Says Cantrell, herself a Nashville native, "I think [Kitty] had a lot of dignity and was certainly proud and aware of the difference between what she had done and what other people had been able to do before her. I think she also understood that her husband's musical career kind of had to be sidelined in order for her to be maximized. They chose to do that in a partnership, and she seemed to always want to bring attention back to him and his talents. ... I think we struggle as women — because we want a feminist hero — to say, 'Well, actually, he should get a lot of the credit.' I think that's a complication in touting her greatness which we shouldn't worry about."
Though "feminist" is a descriptor that people frequently attached to Wells' big hit in our time, it's not an identity that she ever claimed for herself. Without a discrete category to lean on, we must confront her in her admirable complexity: a woman of her time, speaking to the realities of her time with no-nonsense emotional intelligence and a profound gift for empathizing with people and stories that lay beyond her own experience.
"She wasn't a honky-tonk angel," says Robert Oermann, who co-wrote Finding Her Voice: Women in Country Music with his wife Mary Bufwack. "She was very much a housewifey kind of personality, a wife and mother, who spent her whole career in a very traditional family setting, albeit as an entertainer."
You can feel the empathy in Wells' voice on her many shuffling, fiddle- and steel-sweetened, Owen Bradley-produced Decca sides. With rawboned warmth, she extends her heart, straight and true, but never forgets herself, never quite gets to the point of revealing everything. Says Oermann, "There's so much pent-up intensity in her voice. That's what I find so involving about listening to her."
Wells sang about the sweetness of love, marriage and parenting, as well as the deep emotional tolls of cheating, manipulation and divorce. You'll find no more heart-rending song sung from the perspective of a mother accused of infidelity and separated from her child than "Mommy for a Day." This was not the work of someone disengaged or faint of heart.
"She could get away with it," says Rumble, "precisely because she dressed so conservatively ... in gingham and puffed sleeves and rickrack and long skirts, and was so obviously a devoted wife and mother with a stable marriage to Johnnie Wright."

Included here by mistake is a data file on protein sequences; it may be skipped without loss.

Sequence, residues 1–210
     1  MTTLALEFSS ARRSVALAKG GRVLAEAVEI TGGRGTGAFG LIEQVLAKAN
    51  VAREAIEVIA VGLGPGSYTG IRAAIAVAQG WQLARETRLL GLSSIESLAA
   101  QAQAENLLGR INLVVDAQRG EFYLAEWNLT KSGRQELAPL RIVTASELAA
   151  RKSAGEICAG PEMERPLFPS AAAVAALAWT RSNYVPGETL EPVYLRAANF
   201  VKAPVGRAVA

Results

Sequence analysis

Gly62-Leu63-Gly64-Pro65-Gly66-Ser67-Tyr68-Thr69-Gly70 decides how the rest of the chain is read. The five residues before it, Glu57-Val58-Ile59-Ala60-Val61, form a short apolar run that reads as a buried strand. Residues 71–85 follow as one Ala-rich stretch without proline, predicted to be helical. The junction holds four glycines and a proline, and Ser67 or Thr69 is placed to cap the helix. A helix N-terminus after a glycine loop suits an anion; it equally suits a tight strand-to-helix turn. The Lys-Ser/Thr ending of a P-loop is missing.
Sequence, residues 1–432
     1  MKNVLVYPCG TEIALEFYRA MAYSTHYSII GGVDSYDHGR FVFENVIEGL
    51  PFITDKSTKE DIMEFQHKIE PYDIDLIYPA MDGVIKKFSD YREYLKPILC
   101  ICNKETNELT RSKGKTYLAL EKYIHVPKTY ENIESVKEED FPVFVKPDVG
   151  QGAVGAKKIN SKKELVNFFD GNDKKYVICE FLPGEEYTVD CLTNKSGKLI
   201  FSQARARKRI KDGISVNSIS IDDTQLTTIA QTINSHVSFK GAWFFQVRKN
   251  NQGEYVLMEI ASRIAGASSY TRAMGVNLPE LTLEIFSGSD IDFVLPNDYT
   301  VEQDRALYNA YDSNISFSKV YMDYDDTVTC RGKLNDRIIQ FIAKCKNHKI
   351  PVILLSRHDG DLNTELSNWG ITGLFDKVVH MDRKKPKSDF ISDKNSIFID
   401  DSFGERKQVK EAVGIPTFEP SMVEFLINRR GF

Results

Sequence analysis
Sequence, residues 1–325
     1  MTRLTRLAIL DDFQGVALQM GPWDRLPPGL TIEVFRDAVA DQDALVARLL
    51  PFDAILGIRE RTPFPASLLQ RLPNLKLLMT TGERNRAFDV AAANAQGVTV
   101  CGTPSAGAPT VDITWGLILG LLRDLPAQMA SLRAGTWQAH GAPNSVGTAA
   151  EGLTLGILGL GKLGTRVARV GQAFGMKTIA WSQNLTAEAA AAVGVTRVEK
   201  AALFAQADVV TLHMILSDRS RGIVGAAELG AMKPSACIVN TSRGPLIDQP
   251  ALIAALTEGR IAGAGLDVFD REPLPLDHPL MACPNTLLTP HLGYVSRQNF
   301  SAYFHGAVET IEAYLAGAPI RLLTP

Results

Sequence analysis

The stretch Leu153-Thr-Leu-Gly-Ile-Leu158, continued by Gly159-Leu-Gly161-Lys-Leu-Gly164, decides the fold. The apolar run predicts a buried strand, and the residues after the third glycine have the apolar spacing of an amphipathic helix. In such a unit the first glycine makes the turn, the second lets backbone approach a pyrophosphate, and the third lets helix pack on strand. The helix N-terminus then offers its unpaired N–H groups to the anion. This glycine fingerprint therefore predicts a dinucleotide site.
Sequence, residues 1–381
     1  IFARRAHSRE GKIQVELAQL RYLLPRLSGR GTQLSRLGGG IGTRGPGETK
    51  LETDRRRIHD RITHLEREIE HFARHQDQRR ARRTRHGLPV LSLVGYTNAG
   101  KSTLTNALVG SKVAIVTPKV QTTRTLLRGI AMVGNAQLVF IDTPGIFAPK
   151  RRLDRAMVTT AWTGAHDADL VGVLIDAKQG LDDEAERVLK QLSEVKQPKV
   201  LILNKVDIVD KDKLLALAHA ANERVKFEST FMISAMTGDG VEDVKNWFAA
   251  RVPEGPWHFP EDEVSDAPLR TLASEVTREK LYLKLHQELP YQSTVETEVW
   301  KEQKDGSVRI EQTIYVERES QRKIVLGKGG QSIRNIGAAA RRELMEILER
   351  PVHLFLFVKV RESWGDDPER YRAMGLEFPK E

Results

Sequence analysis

Oermann admires the grace with which Wells navigated her Southern context, particularly that of conservative Nashville. "I think the interesting thing about being a Southern woman of that era is that contradiction, both the femininity and the strength that were expected," he says. "She embodied both of those things. Always an incredibly gracious, kindly, feminine presence, and yet with this incredible, powerful message and voice."
It's a marvelous thing that Wells lived to see her induction into the Country Music Hall of Fame in 1976 and the museum exhibit of which she was the subject in 2008; in the case of the latter, she was the first female country act to be so honored. Many musical generations of women have followed in her footsteps since the early '50s. If today, general knowledge of her music tends to be limited to her blockbuster breakthrough song, it may be because her influence is so foundational that it's ceased to be consciously recognized; people have forgotten about the solid rock on which so much has been built.
Opry announcer and WSM DJ Eddie Stubbs — who came to Nashville because of Wright and Wells' treasured friendship, and their offer of a fiddle-playing gig — would, no doubt, concur. "Loretta Lynn has professed since day one of her career that Kitty Wells was her favorite female singer," he wrote to the Scene in an email. "Interestingly, how many Loretta Lynn fans have taken the time to study what her primary influence was, by way of Kitty Wells?"
Cantrell recorded her album of Wells songs precisely so that people would have the chance to hear them, and how powerfully direct they are, once again. But the title track, "Kitty Wells Dresses," is a new composition. In it is a little phrase that captures the tangible, approachable, daily dignity of what Kitty Wells sang and how she sang it, the way she carried herself and even those long, gingham dresses she wore: "From five-and-dime fabrics, robes of a queen."